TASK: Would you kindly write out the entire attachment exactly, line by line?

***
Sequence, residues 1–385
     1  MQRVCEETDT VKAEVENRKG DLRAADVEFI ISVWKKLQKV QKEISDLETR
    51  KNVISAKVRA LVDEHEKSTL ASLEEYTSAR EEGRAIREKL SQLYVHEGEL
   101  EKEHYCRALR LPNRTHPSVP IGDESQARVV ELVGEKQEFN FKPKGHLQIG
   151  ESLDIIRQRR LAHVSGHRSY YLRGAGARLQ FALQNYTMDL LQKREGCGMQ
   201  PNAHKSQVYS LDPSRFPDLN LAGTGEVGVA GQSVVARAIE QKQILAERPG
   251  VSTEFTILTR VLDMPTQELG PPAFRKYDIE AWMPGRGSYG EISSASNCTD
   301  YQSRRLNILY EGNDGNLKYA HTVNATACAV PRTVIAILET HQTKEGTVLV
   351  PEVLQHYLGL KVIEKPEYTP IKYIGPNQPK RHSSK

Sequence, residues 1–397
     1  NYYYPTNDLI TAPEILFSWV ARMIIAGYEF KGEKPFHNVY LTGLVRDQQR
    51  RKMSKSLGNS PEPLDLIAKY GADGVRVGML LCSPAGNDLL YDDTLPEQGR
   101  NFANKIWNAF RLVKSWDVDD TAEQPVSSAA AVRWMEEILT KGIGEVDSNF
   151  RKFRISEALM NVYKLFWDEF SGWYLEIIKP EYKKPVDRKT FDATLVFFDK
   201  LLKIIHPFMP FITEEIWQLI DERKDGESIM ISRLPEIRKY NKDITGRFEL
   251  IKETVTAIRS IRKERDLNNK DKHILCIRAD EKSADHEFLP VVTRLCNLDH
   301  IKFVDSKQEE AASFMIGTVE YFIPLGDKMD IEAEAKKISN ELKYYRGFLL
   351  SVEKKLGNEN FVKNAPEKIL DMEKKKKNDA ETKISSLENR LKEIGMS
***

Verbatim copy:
Sequence, residues 1–385
     1  MQRVCEETDT VKAEVENRKG DLRAADVEFI ISVWKKLQKV QKEISDLETR
    51  KNVISAKVRA LVDEHEKSTL ASLEEYTSAR EEGRAIREKL SQLYVHEGEL
   101  EKEHYCRALR LPNRTHPSVP IGDESQARVV ELVGEKQEFN FKPKGHLQIG
   151  ESLDIIRQRR LAHVSGHRSY YLRGAGARLQ FALQNYTMDL LQKREGCGMQ
   201  PNAHKSQVYS LDPSRFPDLN LAGTGEVGVA GQSVVARAIE QKQILAERPG
   251  VSTEFTILTR VLDMPTQELG PPAFRKYDIE AWMPGRGSYG EISSASNCTD
   301  YQSRRLNILY EGNDGNLKYA HTVNATACAV PRTVIAILET HQTKEGTVLV
   351  PEVLQHYLGL KVIEKPEYTP IKYIGPNQPK RHSSK

Sequence, residues 1–397
     1  NYYYPTNDLI TAPEILFSWV ARMIIAGYEF KGEKPFHNVY LTGLVRDQQR
    51  RKMSKSLGNS PEPLDLIAKY GADGVRVGML LCSPAGNDLL YDDTLPEQGR
   101  NFANKIWNAF RLVKSWDVDD TAEQPVSSAA AVRWMEEILT KGIGEVDSNF
   151  RKFRISEALM NVYKLFWDEF SGWYLEIIKP EYKKPVDRKT FDATLVFFDK
   201  LLKIIHPFMP FITEEIWQLI DERKDGESIM ISRLPEIRKY NKDITGRFEL
   251  IKETVTAIRS IRKERDLNNK DKHILCIRAD EKSADHEFLP VVTRLCNLDH
   301  IKFVDSKQEE AASFMIGTVE YFIPLGDKMD IEAEAKKISN ELKYYRGFLL
   351  SVEKKLGNEN FVKNAPEKIL DMEKKKKNDA ETKISSLENR LKEIGMS